Wednesday, October 22, 2008

Dumbing Down Baseball Analysis?

An article published recently in Slate argues that TV analysts for baseball are, well, just plain stupid.

I tend to (alas) agree and think most analysts make too much of largely inconsequential data (like batting average with runners in scoring position, RBIs, fielding percentage, etc.). And they continue to display largely irrelevant statistics (post-season instead of regular season batting average, for example) instead of good analysis on matchups, managerial strategy, fielding and pitching adjustments, etc. In general, I want more comments based on sabermetrics and fewer from old players who know in their gut how the game should be played. In other words, more Obama, less Bush.

But I must admit, I did like one comment from Tim McCarver during the NLCS. After Brett Myers threw a pitch behind Manny's head, Myers walked off the field apologizing, indicating that the pitch had slipped. Carver correctly noted that he should have instead said nothing when the Dodgers complained. He was right. And if I were doing the commentary I would have added, "In fact, he should have told the whining Dodgers, 'Shut it, or the next one will be in your ear.'"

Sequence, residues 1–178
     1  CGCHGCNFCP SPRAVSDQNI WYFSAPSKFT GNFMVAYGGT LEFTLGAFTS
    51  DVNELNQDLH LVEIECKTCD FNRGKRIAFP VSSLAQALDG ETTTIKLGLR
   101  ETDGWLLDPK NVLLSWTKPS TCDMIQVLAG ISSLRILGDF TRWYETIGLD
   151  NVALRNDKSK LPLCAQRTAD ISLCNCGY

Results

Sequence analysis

SM Sprenger said...

I agree totally, which is why I long ago stopped watching sports on television. it's mind-numbing--especially football. But post-season statistics irrelevant? what about Mr. October?

Corry Cropper said...

Not all post season stats are irrelevant. Some are though. One example: the commentators kept talking about Jacoby Ellsbury leading the RedSox in RBIs coming out of the division series. He had a bloop single that plated a few runs but was hitting so poorly that Francona eventually benched him. Quoting that stat in that situation gave an erroneous picture of Ellsbury's performance. In general, commentators give way too much value to RBIs as some sort of predictive statistic.

Re. Reggie Jackson, there were enough stats, built up over enough post-season series to justify that nickname. But basing comments in game 3 of the division series on "playoff stats" is ridiculous.